Another highlight of the expo was hearing Victoria Stilwell‘s presentation. She is the dog training star of Animal Planet’s It’s Me or the Dog. Victoria is so passionate about spreading the word about positive reinforcement that she started a program for trainers called Positively. I’ve loved her on TV and even more so in person. This was an extra delight for me because she has played Through a Dog’s Ear music on her show when working with dogs with anxiety issues. I finally was able to thank her in person.
Clicker expo in Newport Beach was such an educational, enlightening, fun experience for me. Fortunately, it was close enough that I could drive and bring Gina. I’m so eager to learn more that I’m tempted to fly to Chicago in March (sans dogs) for the next one. While I thought I attended to improve my dog training and my relationship with my dogs, it went well beyond that. While there, I realized that it only appeared to be about dogs. Positive reinforcement really relates to our interconnectedness with all beings of all species and our ability to create loving partnerships with our loved ones. Everything I learned at clicker expo can be applied to the children, friends, and partners in our lives. I naturally tend to focus on the positive aspects of life. Clicker training attracts me because it does the same. And if we all could do that in every area of our lives, the world would be a better place, I’m sure.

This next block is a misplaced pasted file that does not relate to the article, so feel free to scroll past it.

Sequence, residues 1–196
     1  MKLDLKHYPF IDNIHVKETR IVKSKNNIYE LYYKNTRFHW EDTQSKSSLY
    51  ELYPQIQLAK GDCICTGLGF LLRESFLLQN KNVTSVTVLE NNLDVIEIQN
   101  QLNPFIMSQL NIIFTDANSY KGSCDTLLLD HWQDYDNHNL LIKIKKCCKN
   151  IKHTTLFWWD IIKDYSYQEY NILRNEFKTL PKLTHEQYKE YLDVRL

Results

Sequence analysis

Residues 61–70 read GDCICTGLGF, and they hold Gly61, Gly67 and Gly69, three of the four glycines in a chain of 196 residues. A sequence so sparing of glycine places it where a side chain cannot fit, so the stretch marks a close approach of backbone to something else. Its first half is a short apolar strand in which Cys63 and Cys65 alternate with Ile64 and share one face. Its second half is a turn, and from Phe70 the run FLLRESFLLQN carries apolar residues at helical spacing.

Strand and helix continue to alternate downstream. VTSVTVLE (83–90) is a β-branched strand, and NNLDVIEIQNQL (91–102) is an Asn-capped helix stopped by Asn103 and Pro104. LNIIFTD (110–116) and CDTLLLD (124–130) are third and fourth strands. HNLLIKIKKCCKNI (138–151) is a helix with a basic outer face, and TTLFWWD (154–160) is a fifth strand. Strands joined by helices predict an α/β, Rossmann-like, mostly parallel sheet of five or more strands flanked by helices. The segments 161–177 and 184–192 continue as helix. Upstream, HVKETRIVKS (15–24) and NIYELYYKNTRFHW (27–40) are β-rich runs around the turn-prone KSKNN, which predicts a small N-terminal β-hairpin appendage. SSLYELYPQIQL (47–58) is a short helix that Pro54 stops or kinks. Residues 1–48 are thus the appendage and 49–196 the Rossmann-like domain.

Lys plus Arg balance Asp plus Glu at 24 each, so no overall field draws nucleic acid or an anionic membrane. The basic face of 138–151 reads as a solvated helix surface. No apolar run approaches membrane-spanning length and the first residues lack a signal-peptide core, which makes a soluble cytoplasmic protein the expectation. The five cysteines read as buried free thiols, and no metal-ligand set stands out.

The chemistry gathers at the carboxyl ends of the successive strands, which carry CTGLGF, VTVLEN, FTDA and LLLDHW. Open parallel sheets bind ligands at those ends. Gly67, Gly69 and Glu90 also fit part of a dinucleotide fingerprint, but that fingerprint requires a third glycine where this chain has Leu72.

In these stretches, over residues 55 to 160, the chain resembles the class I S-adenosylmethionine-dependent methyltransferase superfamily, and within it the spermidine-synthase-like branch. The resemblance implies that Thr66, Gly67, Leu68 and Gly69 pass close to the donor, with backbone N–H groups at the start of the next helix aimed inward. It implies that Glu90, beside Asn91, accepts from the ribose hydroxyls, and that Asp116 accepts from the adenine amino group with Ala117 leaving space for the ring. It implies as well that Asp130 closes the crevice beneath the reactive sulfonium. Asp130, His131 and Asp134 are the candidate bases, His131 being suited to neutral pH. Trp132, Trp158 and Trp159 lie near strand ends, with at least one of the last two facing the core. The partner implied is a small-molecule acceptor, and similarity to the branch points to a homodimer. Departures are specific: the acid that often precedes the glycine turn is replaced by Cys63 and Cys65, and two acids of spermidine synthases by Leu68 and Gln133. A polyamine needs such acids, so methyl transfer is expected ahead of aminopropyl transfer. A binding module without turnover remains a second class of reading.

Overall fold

During the course of the expo, we “tagged” people with raffle coupons when we noticed something good they were doing. That is a key principle of clicker training and of tag teach. Consequently, what happens is that you start noticing more positive attributes in people, they get rewarded for them, and they do more of them. Funny, that’s exactly what Ian Dunbar said at the end of my interview with him…Reward the behaviors you want and you’ll get more behaviors you want. That seems to work cross species.
What do you think? Is dog training an animal welfare issue? Are there benefits of using positive reinforcement across species? Thanks for posting your comments below.
Image: Sanchez in a Down Stay
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By Lisa Spector, Canine Music Expert, Juilliard Graduate, and co-creator of Through a Dog’s Ear.